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Examiner
  • Young and old should get flu shot

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  • It’s not flu season just yet, but it is time to get ready.
    “Now is the time to get your flu shot,” said Larry Jones, director of the Independence Health Department.
    Most pharmacies offer shots, as do physicians. Under the Affordable Care Act, insurance is supposed to cover the entire cost, as does Medicare for those on that program.
    Flu shots help in a lot of ways, Jones said.
    “It’s very important (to get a shot) every year,” he said. “Flu is one of the diseases that changes each year.”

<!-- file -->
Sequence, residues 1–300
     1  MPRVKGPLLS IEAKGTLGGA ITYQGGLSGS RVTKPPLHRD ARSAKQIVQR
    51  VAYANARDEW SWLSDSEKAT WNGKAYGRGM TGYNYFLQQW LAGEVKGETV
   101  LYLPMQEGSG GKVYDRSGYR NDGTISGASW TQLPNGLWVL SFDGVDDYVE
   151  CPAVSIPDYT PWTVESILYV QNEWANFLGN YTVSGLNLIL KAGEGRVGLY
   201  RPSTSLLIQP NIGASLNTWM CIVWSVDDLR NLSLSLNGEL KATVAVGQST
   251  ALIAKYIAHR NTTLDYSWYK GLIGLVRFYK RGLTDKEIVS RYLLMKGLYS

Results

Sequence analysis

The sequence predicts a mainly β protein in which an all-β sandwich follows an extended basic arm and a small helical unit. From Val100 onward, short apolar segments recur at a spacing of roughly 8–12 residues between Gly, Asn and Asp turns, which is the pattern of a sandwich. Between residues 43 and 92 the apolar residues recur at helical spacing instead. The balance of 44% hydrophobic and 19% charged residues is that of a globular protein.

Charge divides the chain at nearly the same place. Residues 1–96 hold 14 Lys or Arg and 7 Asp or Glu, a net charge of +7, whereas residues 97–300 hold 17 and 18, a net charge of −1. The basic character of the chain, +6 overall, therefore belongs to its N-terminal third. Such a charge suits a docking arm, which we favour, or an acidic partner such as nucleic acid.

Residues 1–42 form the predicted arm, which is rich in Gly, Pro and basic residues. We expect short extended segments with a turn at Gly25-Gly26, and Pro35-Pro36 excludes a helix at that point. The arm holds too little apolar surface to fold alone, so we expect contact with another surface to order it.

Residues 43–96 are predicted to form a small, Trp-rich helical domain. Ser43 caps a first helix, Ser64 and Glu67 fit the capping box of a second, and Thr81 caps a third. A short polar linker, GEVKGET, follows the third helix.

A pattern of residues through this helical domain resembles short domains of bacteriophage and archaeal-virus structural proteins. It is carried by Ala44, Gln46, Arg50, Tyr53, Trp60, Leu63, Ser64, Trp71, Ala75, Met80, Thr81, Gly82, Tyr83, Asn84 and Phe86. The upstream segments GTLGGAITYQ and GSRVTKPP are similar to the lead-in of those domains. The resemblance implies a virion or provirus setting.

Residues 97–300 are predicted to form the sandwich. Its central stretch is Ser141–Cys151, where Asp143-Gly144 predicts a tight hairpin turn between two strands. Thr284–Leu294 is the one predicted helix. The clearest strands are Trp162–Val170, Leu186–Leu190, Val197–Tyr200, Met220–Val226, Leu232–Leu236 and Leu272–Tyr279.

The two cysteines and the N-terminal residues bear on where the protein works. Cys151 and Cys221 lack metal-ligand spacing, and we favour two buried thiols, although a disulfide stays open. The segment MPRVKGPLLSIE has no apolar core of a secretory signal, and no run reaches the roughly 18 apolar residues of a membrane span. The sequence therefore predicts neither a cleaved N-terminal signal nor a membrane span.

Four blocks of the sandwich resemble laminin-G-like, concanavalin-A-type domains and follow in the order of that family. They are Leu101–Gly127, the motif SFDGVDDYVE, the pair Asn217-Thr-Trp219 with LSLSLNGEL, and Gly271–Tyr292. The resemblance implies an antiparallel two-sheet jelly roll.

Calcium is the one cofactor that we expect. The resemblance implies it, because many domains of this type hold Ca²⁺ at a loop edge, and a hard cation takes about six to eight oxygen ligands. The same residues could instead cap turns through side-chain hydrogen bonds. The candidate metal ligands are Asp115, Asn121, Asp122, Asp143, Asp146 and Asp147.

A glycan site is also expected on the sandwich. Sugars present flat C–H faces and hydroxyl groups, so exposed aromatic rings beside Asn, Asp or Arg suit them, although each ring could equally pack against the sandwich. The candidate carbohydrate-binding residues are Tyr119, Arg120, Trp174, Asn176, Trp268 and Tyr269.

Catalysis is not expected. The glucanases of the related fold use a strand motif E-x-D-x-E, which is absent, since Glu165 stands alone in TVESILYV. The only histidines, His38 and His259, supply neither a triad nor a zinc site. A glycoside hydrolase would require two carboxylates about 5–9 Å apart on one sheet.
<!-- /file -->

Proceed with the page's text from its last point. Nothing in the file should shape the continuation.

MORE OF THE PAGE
The federal Centers for Disease Control and Prevention says everyone 6 months and older, with rare exceptions, should get a flu shot.
    In the case of young children, Jones said, a shot protects them, and it protects those around them, as young children tend to be primary spreaders of the disease. A child himself might have little more than the sniffles, but he can easily pass the flu on.
    The flu also takes a toll on the elderly, and it can lead to pneumonia. Jones said those 50 and older ought to consider getting a pneumonia shot as well.
    “The older you get, the better you are to do it,” he said.
    This year’s flu vaccine covers four strains of flu, as opposed to the usual two or three strains in years past. The shot is good for about a year.
    “It’s not too early to get a flu shot,” Jones said. “It’ll last the whole season.”

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